Luckily, I only drive this way once a year, on the way from Ocean Park Art in the Park to Castine Plein Air. Since I love both shows equally, the late-night drive is a necessity.
Russel Whitten took a short break to give a painting lesson on his way into the show and sale.
I finished framing yesterday with enough time to paint the small study at the top of this post. Rarely is that last painting worthwhile. I’m tired and rushed and should be cleaning up and preparing for the next event, instead of trying to crank one more painting out. That’s particularly true when doing two events back-to-back. In this case, I was more than happy with the results.
Framing on the road.
I can frame quickly because I work in standard sizes. I keep a log on my phone of the frames I’m carrying and the ones I’ve used so far. I’ve included a small photo essay about the tools and materials for framing. It’s the unglamorous part of plein air events, but it’s very important.
A glazing-point driver is a necessity for the serious plein air painter. This one is made by Fletcher.
I used to carry a cordless drill, but this old fellah is more accurate and lighter.
All the hardware I’ll ever need is in this case.
It is the collectors who make plein air events possible. In Ocean Park, Jean C. Hager-Rich has been a loyal supporter since the beginning. She tries to be the first in, makes quick decisions, and supports everyone with impartiality. A collector like Jean can set the tone for the whole event.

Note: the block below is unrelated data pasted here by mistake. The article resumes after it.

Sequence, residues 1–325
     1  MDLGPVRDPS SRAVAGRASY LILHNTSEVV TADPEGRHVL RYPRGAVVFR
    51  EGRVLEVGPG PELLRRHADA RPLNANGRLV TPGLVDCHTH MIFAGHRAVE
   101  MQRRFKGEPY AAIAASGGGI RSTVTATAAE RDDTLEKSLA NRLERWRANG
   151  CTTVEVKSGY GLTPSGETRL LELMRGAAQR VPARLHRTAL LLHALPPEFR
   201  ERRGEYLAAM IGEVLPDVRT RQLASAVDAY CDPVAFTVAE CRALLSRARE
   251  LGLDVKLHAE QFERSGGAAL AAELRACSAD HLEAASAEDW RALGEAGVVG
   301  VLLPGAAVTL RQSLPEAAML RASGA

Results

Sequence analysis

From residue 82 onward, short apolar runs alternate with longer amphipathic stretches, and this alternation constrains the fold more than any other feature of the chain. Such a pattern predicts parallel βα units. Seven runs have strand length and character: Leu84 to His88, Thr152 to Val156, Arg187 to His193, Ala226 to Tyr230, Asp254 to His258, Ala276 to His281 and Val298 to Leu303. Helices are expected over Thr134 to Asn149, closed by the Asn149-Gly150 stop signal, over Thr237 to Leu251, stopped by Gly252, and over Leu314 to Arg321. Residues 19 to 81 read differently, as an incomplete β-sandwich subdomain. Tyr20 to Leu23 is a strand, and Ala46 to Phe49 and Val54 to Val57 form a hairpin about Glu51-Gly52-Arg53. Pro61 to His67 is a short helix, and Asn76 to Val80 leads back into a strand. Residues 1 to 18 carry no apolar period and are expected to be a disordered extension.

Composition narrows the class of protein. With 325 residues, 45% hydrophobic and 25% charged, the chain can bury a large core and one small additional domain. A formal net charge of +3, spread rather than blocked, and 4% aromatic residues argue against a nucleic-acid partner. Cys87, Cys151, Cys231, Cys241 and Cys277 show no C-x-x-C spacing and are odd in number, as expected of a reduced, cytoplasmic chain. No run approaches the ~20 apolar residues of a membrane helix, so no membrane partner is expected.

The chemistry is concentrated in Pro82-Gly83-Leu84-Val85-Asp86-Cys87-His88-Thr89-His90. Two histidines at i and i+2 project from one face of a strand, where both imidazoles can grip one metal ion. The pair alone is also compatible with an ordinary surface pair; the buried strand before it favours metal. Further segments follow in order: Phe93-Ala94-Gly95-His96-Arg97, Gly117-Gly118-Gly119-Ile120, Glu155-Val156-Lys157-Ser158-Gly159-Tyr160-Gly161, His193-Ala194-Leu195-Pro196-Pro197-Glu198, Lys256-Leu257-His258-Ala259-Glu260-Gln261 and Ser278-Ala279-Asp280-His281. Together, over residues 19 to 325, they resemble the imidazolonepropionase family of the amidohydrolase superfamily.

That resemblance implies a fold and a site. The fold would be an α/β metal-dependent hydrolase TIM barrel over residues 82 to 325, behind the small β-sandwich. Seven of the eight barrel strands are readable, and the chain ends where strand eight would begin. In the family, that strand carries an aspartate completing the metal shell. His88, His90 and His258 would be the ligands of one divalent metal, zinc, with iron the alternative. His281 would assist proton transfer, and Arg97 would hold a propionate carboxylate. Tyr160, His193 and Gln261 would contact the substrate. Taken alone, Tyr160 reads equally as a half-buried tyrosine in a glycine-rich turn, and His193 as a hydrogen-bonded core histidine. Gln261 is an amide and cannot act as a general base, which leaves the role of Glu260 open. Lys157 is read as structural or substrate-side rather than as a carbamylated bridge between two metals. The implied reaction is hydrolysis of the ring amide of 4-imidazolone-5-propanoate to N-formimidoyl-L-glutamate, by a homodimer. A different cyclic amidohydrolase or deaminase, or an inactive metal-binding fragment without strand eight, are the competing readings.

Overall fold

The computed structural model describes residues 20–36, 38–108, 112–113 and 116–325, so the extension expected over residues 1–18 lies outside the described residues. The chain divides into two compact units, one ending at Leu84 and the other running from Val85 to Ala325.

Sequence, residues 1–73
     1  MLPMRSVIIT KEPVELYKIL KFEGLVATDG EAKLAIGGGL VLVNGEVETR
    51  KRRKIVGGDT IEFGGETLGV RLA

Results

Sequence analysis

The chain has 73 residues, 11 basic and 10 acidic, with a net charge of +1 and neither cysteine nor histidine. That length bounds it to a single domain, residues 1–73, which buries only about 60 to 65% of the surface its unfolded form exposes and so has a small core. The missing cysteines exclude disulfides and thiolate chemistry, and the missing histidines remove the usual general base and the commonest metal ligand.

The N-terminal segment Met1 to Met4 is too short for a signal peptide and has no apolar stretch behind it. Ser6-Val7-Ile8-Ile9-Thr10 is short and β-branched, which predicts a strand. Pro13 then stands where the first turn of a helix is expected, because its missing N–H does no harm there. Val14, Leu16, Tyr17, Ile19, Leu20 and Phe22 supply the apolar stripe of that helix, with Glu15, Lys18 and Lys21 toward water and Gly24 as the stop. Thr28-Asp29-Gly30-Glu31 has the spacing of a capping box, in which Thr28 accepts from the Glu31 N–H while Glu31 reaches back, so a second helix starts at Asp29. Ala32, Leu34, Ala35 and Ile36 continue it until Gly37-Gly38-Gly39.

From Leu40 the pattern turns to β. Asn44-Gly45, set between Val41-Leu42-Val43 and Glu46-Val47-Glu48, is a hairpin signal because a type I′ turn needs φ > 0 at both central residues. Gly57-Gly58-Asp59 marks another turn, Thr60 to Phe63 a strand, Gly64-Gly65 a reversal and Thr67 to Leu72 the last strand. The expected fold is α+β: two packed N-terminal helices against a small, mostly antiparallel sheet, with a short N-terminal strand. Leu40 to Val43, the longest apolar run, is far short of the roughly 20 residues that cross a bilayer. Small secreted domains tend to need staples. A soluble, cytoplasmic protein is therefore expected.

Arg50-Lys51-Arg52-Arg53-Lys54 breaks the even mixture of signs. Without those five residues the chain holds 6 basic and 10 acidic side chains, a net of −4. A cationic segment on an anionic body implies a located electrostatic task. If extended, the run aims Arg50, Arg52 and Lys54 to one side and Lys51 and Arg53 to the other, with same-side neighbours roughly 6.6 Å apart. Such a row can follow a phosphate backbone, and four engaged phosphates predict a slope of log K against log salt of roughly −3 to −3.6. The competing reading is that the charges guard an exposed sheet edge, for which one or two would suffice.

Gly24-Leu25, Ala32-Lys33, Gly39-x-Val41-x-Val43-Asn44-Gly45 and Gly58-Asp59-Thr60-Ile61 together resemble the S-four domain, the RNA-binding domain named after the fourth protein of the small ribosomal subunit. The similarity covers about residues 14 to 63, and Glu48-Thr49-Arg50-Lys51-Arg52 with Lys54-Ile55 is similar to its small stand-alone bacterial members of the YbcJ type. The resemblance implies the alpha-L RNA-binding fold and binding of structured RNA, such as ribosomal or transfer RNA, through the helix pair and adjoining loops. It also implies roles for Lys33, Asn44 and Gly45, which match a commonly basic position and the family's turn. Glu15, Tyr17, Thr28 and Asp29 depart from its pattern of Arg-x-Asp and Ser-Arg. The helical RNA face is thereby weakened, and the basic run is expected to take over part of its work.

Equally important are our hosts, who open their homes and their lives to us for several days each summer. And then there are the volunteers, whose titles may be grand but whose tasks tend toward the humble.
After leaving Ocean Park, I zoomed around in the hills for what seemed like hours (because it was hours). I arrived at my hosts’ house shortly before 11. Harry met me at the door, concerned at my late arrival. Normally his wife is here to greet me, but she is swanning around the Eastern Seaboard. In the last three weeks, she has zoomed from Maine to New Jersey to Montreal, back to New Jersey, and then to Pennsylvania. She is returning to Maine today.
I need to recruit her as my wingman; clearly we are soul sisters.

Sometimes things don’t go as planned

A whole pile of potential. Stock cut for seven frames.